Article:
In the first chapter, Stumpf redesign the trusty 747 as an example. Our technology allows us to sanitized natural experiences. Air conditioning. Heating. Flying through the air in a metal box with enough fuse to cause a major explosion. We are safe when flying. But there is the emotion and enjoyment of flying? He reminds us that we should reunite the (positive) emotion with the experience. Bring back the pleasure of flying.
Interesting enough, he proposed giving the passenger more feedback by showing flight plans and outside views on the video monitors. Most new 747 does this now. He also propose bigger windows and seating that give better views. Star gazing. Boeing's new 7E7 has some of these ideas implemented, including much larger and taller windows. Perhaps their designers read this book.
My Dad at the Brewery
In this chapter Stumpf reminds us that we should not completely isolate the dirty part of living. Cocooning in the suburbs. Hiding the inner working of society, factories, manufacturing plants. Ignorance is bad. We should be able to see and tour these necessary part of living.
Bags and other Small Graces
This chapter is confusing to me. Stumpf's writing is reasonable simple in most cases but in some chapters he seems to be combining a few too many thoughts. The main theme I found in this chapter is the importance of small graces. He used the lowly brown paper shopping bag with handles as an example. Compare to the alternative of the plastic shopping bag. The brown bag, especially after adding the handles, is a wonder in design that enrich our lives. It is strong. Easy to carry. Hide the content. It will stand up when place down on the counter so content won't spill out. It is reusable.
Stumpf equates Grace with Civility, which I agree completely.
A Handsome Cab
Technological progress is good, but there is no reason to throw out the old completely. Good design should combine the old with the new. Retain the civil spirit with new technological sophistication. Stumpf compares the London cab (taxi). It is comfortable and roomy. Passenger sit facing each other so that one can have a conversation. Big doors make entrance and exit easy. It has character. It brings pleasure to the ride. If NYC ever were to redesign their taxi, Stumpf sketched out a new design that marry the civility of the London Cab with the new transportation technology.
An American Palace that Melted Away
This is the chapter that gave the book its name. It describes the 1992 St. Paul Winter Carnival. The city commissioned a grand ice palace design and built by volunteers. At the end the ice palace melted away of course. But the people senses that they are a part of something bigger -- a community of civilized human beings.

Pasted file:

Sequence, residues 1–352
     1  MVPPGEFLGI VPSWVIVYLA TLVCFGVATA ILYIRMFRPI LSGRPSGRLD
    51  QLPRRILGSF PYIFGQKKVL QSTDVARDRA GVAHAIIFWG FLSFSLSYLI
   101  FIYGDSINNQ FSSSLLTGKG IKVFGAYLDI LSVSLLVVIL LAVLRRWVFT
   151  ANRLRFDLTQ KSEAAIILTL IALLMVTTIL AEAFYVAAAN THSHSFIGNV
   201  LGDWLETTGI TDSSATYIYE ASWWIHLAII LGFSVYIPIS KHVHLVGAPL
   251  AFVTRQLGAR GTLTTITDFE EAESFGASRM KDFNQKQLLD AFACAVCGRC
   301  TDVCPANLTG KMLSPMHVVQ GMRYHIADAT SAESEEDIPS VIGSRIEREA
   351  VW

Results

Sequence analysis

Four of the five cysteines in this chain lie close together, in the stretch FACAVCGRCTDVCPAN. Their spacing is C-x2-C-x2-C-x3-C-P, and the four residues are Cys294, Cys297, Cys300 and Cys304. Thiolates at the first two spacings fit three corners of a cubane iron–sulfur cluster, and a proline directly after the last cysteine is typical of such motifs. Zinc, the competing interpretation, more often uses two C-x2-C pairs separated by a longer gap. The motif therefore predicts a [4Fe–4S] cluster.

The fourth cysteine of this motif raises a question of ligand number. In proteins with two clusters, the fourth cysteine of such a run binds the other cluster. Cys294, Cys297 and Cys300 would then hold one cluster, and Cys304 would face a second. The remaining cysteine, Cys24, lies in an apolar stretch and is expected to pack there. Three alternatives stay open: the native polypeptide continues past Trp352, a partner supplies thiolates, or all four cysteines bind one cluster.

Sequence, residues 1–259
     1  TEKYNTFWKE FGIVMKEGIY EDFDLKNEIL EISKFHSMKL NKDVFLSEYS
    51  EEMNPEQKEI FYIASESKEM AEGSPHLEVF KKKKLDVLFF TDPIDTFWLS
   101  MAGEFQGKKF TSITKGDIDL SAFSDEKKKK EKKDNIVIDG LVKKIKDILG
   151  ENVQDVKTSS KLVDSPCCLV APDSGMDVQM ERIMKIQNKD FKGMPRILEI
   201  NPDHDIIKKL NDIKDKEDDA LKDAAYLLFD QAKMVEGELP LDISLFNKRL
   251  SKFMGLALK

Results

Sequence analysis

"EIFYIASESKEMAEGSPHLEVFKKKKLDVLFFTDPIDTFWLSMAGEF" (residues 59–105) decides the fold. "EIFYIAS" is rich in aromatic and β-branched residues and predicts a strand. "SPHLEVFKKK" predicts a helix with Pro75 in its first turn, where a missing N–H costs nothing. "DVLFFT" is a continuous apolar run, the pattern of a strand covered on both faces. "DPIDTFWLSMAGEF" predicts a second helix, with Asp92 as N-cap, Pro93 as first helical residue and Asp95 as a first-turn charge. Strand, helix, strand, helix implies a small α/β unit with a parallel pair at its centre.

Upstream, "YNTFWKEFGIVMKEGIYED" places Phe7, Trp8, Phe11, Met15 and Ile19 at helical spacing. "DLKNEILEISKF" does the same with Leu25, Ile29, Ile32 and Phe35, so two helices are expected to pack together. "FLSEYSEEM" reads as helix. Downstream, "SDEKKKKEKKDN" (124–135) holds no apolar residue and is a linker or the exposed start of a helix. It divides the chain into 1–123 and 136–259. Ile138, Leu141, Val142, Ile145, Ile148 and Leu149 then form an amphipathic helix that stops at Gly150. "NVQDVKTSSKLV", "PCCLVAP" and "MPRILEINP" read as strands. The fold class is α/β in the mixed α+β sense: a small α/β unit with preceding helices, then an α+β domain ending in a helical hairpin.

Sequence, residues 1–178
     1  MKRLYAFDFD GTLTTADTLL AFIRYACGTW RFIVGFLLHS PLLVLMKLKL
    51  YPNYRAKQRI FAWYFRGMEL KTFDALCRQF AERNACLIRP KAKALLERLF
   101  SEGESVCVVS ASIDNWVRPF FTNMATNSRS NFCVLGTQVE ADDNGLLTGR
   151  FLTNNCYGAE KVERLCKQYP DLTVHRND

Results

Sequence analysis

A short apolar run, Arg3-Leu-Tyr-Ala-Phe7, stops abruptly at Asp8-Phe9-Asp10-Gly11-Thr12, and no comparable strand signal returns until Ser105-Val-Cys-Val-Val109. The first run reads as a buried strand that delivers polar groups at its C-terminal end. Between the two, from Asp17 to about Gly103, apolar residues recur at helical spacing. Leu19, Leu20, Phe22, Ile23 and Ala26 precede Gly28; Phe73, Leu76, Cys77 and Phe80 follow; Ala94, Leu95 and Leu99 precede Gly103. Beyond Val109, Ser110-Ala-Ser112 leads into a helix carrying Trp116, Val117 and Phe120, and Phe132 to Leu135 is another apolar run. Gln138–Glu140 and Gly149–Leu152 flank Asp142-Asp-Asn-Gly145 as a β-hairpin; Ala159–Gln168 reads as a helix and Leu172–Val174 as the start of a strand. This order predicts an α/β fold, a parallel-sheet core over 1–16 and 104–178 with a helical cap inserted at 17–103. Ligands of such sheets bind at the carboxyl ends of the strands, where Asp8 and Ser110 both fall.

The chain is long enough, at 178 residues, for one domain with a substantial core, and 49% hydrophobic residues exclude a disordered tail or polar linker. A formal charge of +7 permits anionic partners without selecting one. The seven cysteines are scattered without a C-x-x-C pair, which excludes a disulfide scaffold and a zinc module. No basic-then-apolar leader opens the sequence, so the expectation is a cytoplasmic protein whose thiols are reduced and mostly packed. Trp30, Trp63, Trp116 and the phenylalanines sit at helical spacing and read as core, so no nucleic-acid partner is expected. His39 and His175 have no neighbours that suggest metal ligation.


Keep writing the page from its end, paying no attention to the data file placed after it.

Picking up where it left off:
This chapter is about the importance of play. Rationality sometimes removes play from work. Play is important. Work for the love of it is important.
Just One for Life
Stumpf talks about making things that last. We are increasing obsessed with the next new thing, chasing fads, upgrades. Making things last is not only environmentally sound, but it let us focus on living instead of just consuming.
While I agree with point most of the time, when it comes to computers, do we have a choice but to upgrade every or every other year?
Finding Civilization in the Wilderness
This is another chapter that I find confusing. I think it is a criticism of our mass media. The new connected global village bring us too close to everything. Sometimes one can see more clearly by seeing from a distance. We need to improve the quality, not the quantity of the media.
Stumpf remind us of Carl Jung's notion of progress: Only through the pursuit of wisdom and understanding, and not merely the betterment of conditions, can we arrive at a civilized view of life.
This ends the first section of the book, talking about things of civility.
Art, Designand Harlem Prep
Stumpf uses the Harlem Prep Street Academy as an example (he helped design the school in the 60's) to show that art and design contributes to the quality of life. He laments the lack of focus in art and design in America. There are few public museum dedicated to design. We equate design with high end products only.
Instead, one should try to surround oneself with art and good design. The important of beauty.
The Red Door Clinic
Stumpf moves on to the discussion of public civility. Using a new defunct public health service, the Red Door in Minnesota as an example, he noted that compassion is a source for public civility. Personal Anonymity for clients to the health clinic is an act of public civility.
Rest Area and the Polysemous Side of Life